In other words, "The higher the risk, the better the benefit, the more of a reduction in risk you can achieve, the more rationale there is for the intervention."

However, he continued, "I figure now, after looking at this for years, that women tend to translate risk into positive or negative: at risk or not at risk, which is 'average' or 'high.'"

The impact of a particular risk also depends on who you are talking to. Narod says that a woman diagnosed with ductal carcinoma in situ (DCIS), on being told that she has a 3% risk of dying from breast cancer, would probably choose bilateral mastectomy.

"But if I go into the general population, to the people who don't see themselves as being positive or anything, and I say, 'What do you think your chances are of dying of breast cancer?' they say 5%. And I say, 'Are you thinking about having a bilateral mastectomy?' and they'll say, 'No, that's crazy.'"

Priestley agreed, adding, "You sort of have to go back to basics with a lot of people to make them understand the purposes of the different treatments and the risk for recurrence from the cancer they've got, [and] talk through what they perceive is their risk and put them in the picture as to what their overall risk of developing breast cancer...in their unaffected breast is."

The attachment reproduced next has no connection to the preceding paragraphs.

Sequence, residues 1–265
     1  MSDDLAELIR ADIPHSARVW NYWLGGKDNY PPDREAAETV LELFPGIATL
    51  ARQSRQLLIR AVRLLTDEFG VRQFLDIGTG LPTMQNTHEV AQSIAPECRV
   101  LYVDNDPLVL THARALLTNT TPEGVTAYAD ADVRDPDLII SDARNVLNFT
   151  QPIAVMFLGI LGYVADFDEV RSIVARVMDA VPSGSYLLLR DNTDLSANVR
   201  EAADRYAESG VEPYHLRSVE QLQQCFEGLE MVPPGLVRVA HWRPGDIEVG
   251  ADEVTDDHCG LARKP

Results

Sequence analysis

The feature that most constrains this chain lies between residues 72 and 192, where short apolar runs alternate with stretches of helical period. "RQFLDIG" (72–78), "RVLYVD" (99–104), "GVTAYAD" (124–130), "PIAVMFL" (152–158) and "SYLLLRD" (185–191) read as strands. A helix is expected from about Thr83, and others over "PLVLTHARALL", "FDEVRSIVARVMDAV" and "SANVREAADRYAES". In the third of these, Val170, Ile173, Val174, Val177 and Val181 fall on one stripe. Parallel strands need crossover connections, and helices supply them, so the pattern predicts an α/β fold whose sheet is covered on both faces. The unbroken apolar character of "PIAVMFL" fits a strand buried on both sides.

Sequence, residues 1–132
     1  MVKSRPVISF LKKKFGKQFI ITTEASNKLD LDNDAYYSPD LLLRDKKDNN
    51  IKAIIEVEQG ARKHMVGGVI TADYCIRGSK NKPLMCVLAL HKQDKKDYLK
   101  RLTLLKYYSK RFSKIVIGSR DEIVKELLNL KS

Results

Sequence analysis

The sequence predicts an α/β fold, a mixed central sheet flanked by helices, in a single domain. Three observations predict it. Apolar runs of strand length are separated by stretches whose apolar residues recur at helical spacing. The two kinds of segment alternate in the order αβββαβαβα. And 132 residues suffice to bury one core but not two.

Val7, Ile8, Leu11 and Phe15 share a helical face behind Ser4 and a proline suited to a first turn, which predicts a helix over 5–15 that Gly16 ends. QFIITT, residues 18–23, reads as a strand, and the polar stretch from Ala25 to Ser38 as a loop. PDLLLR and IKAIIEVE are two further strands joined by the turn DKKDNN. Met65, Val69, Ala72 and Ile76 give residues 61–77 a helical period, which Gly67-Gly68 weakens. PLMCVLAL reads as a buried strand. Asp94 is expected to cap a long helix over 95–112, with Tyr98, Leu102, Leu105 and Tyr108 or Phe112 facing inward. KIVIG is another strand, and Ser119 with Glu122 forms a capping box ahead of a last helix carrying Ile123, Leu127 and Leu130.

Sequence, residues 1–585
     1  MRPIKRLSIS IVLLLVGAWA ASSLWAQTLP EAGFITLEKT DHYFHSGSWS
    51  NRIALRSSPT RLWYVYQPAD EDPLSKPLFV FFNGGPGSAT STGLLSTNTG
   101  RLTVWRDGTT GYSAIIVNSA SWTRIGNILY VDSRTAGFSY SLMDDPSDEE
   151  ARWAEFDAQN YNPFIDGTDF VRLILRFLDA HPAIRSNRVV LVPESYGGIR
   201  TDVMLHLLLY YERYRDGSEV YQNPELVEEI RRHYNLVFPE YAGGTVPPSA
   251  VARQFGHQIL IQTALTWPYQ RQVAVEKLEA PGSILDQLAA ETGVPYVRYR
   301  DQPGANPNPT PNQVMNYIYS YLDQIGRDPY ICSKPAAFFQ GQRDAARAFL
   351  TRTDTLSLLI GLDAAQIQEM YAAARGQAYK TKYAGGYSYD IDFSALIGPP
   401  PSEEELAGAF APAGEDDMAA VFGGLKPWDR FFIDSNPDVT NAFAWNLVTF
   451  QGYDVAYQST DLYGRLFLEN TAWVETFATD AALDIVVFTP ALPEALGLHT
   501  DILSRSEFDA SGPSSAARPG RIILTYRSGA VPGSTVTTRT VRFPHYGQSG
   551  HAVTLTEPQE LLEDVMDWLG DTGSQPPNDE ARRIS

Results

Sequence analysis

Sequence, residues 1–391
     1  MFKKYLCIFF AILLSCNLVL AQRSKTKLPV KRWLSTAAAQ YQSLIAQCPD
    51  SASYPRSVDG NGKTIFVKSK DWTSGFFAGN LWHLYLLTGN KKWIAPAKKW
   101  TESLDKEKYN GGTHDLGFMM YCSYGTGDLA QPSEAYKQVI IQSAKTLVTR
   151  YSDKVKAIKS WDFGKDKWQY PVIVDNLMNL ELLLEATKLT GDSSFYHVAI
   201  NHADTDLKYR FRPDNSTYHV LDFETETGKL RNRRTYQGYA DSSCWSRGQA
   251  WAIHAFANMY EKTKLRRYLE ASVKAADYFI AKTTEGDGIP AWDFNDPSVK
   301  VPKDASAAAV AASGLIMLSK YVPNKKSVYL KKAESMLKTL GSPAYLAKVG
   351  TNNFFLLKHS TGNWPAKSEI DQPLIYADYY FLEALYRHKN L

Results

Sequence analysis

Yet discussing risk factors often amplifies women's concern, with breast cancer patients overestimating risk.

For example, Partridge and colleagues[10] surveyed 500 women diagnosed with DCIS and found that over one half saw themselves as having at least a moderate risk for DCIS recurrence in the next years. Two fifths of women thought they had at least moderate risk for invasive breast cancer over the same period, and nearly one third saw themselves as having at least moderate risk that their DCIS would spread to other parts of the body.

Crucially, the percentage absolute risks that the women assigned to such terms as "moderate" were far higher than the standard medical definition.